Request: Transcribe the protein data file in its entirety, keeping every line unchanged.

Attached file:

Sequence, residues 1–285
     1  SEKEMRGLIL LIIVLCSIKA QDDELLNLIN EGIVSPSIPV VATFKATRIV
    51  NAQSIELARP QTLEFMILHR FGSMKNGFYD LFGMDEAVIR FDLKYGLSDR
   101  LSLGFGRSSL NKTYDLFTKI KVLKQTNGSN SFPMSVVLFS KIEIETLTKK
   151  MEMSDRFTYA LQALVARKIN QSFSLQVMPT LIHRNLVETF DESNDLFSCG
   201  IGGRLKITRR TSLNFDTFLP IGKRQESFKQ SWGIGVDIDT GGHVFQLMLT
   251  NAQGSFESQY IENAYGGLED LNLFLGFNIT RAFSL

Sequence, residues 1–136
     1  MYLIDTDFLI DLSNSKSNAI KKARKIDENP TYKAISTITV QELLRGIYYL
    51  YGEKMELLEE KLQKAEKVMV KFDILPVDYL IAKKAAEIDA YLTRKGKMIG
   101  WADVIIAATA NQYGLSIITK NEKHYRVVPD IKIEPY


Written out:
Sequence, residues 1–285
     1  SEKEMRGLIL LIIVLCSIKA QDDELLNLIN EGIVSPSIPV VATFKATRIV
    51  NAQSIELARP QTLEFMILHR FGSMKNGFYD LFGMDEAVIR FDLKYGLSDR
   101  LSLGFGRSSL NKTYDLFTKI KVLKQTNGSN SFPMSVVLFS KIEIETLTKK
   151  MEMSDRFTYA LQALVARKIN QSFSLQVMPT LIHRNLVETF DESNDLFSCG
   201  IGGRLKITRR TSLNFDTFLP IGKRQESFKQ SWGIGVDIDT GGHVFQLMLT
   251  NAQGSFESQY IENAYGGLED LNLFLGFNIT RAFSL

Sequence, residues 1–136
     1  MYLIDTDFLI DLSNSKSNAI KKARKIDENP TYKAISTITV QELLRGIYYL
    51  YGEKMELLEE KLQKAEKVMV KFDILPVDYL IAKKAAEIDA YLTRKGKMIG
   101  WADVIIAATA NQYGLSIITK NEKHYRVVPD IKIEPY